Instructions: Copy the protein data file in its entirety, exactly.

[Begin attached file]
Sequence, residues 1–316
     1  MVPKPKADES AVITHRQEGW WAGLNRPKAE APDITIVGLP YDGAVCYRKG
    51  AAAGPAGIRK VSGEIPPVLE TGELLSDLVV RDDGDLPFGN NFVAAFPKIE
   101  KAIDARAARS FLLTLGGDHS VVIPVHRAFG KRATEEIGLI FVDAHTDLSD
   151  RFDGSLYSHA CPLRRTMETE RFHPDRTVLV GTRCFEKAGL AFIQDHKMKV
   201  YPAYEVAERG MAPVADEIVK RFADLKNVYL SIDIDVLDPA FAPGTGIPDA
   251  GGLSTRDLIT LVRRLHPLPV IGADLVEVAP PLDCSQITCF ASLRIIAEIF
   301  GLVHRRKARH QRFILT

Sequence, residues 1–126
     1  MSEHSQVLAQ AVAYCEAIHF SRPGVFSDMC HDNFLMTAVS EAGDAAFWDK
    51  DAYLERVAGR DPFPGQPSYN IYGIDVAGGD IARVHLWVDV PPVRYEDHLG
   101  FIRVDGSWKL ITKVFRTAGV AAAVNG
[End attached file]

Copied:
Sequence, residues 1–316
     1  MVPKPKADES AVITHRQEGW WAGLNRPKAE APDITIVGLP YDGAVCYRKG
    51  AAAGPAGIRK VSGEIPPVLE TGELLSDLVV RDDGDLPFGN NFVAAFPKIE
   101  KAIDARAARS FLLTLGGDHS VVIPVHRAFG KRATEEIGLI FVDAHTDLSD
   151  RFDGSLYSHA CPLRRTMETE RFHPDRTVLV GTRCFEKAGL AFIQDHKMKV
   201  YPAYEVAERG MAPVADEIVK RFADLKNVYL SIDIDVLDPA FAPGTGIPDA
   251  GGLSTRDLIT LVRRLHPLPV IGADLVEVAP PLDCSQITCF ASLRIIAEIF
   301  GLVHRRKARH QRFILT

Sequence, residues 1–126
     1  MSEHSQVLAQ AVAYCEAIHF SRPGVFSDMC HDNFLMTAVS EAGDAAFWDK
    51  DAYLERVAGR DPFPGQPSYN IYGIDVAGGD IARVHLWVDV PPVRYEDHLG
   101  FIRVDGSWKL ITKVFRTAGV AAAVNG